Beach House don’t generally tell stories, they paint moods. However, I would be remiss to not call attention to Legrand’s lyricism on 7, as it is some of her most evocative. She sings the way she always has — drawing out syllables as if there’s all of the time in the world to hit the punchline — but 7 hints at an underlying narrative. Disembodied features surface every now and then as if to engage the listener in a game of “exquisite corpse”; a pair of eyes, a smile, braided hair, a falling tear. All of these clues hint at the outline of a figure that you can’t quite make out. On “L’Inconnue,” Legrand chants in French and names feminine archetypes, singing in a round with herself so as to lend a childlike playfulness to a song that interrogates society’s expectations of women — the whore, the ingénue, the holy angelic surface — only to be swallowed by a drum fill.
On the album’s centerpiece, “Drunk In LA,” Legrand puts words to a unique and often unreplicable feeling: that of fading youth. “Memory’s a sacred meat that’s drying all the time/ On a hillside I remember I am loving losing life,” she sings. On this song, Legrand embodies one of the shadowy women who occupy this album, and though it isn’t exactly autobiographical, Legrand herself is aging in an industry that prizes youth, especially in women, above all else. The disheveled star she embodies on “Drunk In LA” prefers the corners of “dark and dead end rooms,” evoking a seedy, hostile version of the City Of Angels. It’s the ideal setting for a film noir.
The especially cinematic moments on 7 succeed because they remind you of something you’ve heard before. Early single “Dive” features a staticky synth that replicates an organ player in an old-timey picture show. “Woo” glides on a swelling ’80s synth that could easily slip into Cliff Martinez’s Drive soundtrack; it’s serene, a sugar rush of a song that doesn’t even try to mask Sonic Boom’s influence on its soundscape. The burbling xylophone that opens “Black Car” gives way to Legrand reciting lyrics like incantations: “We want to go/ Inside the cold/ It’s like a tomb/ But it’s something to hold.” Eventually, Legrand abandons words completely, repeating a staccato “ha, ha, ha” while a heavy drumbeat shrinks to that of an erratic heart palpitation. It’s a sinister song, the kind that you might decide to skip if it came on late at night while you’re home alone.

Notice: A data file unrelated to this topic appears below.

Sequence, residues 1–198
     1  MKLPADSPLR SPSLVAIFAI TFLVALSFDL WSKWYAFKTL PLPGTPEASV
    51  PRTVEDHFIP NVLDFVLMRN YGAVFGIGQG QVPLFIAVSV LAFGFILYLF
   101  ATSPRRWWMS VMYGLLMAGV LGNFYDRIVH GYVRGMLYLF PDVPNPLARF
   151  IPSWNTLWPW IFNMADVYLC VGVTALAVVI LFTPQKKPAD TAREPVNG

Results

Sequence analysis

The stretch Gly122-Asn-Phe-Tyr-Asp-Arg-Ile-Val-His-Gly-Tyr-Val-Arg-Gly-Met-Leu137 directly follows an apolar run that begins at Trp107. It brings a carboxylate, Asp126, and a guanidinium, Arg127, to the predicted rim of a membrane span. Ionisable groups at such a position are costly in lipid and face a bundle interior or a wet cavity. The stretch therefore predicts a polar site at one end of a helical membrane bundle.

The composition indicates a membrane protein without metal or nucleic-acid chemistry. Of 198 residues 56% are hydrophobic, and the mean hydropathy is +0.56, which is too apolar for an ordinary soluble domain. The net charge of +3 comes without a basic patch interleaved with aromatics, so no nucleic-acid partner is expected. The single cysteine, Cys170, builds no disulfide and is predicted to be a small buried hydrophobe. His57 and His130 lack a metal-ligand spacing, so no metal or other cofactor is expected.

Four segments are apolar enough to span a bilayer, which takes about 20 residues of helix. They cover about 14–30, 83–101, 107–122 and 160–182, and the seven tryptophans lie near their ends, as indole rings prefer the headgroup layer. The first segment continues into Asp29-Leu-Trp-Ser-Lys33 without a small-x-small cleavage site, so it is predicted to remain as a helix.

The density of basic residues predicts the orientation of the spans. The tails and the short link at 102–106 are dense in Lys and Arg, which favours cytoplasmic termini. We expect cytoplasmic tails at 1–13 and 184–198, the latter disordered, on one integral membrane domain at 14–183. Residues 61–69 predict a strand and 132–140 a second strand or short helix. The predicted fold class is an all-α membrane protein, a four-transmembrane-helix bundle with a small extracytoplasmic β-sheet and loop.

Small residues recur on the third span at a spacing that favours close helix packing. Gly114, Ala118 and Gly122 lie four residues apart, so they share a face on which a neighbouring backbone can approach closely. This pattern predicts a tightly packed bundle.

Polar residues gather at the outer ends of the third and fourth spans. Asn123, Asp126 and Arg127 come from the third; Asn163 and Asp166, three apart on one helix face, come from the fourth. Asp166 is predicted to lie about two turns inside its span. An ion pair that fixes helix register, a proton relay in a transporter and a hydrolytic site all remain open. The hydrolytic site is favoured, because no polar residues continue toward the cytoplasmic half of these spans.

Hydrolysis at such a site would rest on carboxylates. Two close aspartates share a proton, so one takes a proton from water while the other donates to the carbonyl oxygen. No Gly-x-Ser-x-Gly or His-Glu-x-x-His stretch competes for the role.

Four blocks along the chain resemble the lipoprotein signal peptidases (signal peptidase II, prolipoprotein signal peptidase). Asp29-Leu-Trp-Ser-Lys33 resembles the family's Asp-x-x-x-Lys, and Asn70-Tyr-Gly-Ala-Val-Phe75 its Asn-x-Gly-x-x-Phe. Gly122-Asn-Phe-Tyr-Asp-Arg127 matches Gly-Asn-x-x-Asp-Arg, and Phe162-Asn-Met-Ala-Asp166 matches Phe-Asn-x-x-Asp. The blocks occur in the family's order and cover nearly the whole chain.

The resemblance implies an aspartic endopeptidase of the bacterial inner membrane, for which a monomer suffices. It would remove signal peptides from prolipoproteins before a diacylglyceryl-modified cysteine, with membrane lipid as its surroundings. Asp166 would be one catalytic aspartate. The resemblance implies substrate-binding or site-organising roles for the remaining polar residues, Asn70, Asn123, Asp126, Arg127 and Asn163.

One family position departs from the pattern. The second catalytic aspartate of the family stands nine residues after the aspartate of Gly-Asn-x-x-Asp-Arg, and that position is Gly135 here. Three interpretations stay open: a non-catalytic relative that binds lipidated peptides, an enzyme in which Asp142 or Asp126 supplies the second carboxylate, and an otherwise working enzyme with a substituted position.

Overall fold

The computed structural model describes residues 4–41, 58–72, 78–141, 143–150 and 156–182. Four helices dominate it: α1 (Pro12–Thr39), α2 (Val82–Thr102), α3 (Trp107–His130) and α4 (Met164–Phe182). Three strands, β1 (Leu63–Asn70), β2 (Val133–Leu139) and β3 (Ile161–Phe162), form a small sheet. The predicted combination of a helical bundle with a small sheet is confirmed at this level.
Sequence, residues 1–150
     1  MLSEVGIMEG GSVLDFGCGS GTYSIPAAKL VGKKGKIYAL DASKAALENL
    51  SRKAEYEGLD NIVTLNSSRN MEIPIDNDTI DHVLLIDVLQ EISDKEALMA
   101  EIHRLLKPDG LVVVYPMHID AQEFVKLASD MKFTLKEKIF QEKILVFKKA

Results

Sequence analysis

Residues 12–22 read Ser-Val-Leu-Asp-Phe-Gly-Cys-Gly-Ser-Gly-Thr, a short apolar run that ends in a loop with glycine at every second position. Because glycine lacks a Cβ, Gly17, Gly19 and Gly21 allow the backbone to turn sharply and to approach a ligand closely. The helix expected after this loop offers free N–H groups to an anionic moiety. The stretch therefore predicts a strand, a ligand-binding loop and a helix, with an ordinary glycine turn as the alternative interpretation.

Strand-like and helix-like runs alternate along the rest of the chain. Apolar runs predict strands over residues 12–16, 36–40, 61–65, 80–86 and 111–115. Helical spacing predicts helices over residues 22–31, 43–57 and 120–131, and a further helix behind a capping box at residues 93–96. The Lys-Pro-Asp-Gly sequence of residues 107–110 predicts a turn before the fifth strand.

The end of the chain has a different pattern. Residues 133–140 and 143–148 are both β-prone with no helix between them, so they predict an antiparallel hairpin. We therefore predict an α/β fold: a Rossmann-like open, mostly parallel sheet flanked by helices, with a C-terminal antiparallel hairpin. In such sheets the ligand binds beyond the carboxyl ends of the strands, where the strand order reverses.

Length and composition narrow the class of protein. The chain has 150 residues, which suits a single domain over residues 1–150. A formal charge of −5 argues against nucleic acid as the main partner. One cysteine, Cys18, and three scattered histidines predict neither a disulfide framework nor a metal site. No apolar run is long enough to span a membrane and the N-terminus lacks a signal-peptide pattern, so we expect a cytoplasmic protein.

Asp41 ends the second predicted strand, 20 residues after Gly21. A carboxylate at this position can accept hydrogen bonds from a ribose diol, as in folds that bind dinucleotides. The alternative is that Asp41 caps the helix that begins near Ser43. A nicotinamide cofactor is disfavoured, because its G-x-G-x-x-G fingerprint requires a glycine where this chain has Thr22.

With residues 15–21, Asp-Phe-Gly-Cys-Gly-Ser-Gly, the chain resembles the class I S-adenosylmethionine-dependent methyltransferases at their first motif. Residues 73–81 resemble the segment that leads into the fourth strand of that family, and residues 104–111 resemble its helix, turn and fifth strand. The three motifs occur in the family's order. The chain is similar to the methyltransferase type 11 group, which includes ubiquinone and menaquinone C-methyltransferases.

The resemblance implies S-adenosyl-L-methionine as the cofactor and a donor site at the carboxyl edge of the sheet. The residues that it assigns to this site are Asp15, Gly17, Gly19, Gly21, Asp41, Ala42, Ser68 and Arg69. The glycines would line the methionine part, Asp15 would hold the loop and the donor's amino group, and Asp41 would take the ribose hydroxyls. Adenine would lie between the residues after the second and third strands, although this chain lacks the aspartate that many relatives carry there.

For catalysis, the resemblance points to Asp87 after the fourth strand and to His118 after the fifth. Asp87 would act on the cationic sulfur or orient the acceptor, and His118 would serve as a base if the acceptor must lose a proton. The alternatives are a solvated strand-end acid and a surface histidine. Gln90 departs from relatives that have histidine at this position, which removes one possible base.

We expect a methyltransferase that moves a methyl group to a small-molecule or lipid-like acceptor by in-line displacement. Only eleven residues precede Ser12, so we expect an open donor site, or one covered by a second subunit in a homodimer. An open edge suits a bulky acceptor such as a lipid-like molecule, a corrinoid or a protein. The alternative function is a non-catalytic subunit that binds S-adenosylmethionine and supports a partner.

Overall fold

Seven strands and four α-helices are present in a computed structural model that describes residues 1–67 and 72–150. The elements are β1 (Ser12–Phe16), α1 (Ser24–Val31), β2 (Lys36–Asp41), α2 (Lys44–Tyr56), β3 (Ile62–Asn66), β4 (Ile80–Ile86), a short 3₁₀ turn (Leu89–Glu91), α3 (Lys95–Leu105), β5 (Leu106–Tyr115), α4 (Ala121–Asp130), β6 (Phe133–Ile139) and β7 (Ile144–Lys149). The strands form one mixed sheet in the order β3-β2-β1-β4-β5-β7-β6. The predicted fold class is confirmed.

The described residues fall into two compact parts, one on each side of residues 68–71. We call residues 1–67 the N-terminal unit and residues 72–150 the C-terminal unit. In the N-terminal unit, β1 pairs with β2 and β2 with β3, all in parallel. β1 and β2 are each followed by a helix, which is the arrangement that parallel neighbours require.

Atmosphere exists with ease and nuance on 7, allowing the listener to access emotions that sift below the surface without making themselves known in any obvious way. That is the inherent value in every Beach House album, and while some rely heavily on certain emotions — Depression Cherry being the most obvious — 7 is less intuitive. There is one song on this album that sounds like the Beach House we have always known. It’s called “Pay No Mind” and it’s a love song, or at least, a song that purports to be a love song. “Baby at night when I look at you/ Nothing in this world keeps me confused/ All it takes, look in your eyes,” the chorus goes. By the time it ends, though, something shifts. A moment of bliss is overtaken by an unspecified bleakness that creeps in like fog. “Pay No Mind” is delightfully ambiguous, the kind of song that will mean different things to different people. As long as Beach House are still writing songs that make you wonder, they will always be familiar.
7 is out 5/11 on Sub Pop. Pre-order it here.
UPDATE: Here’s the full stream.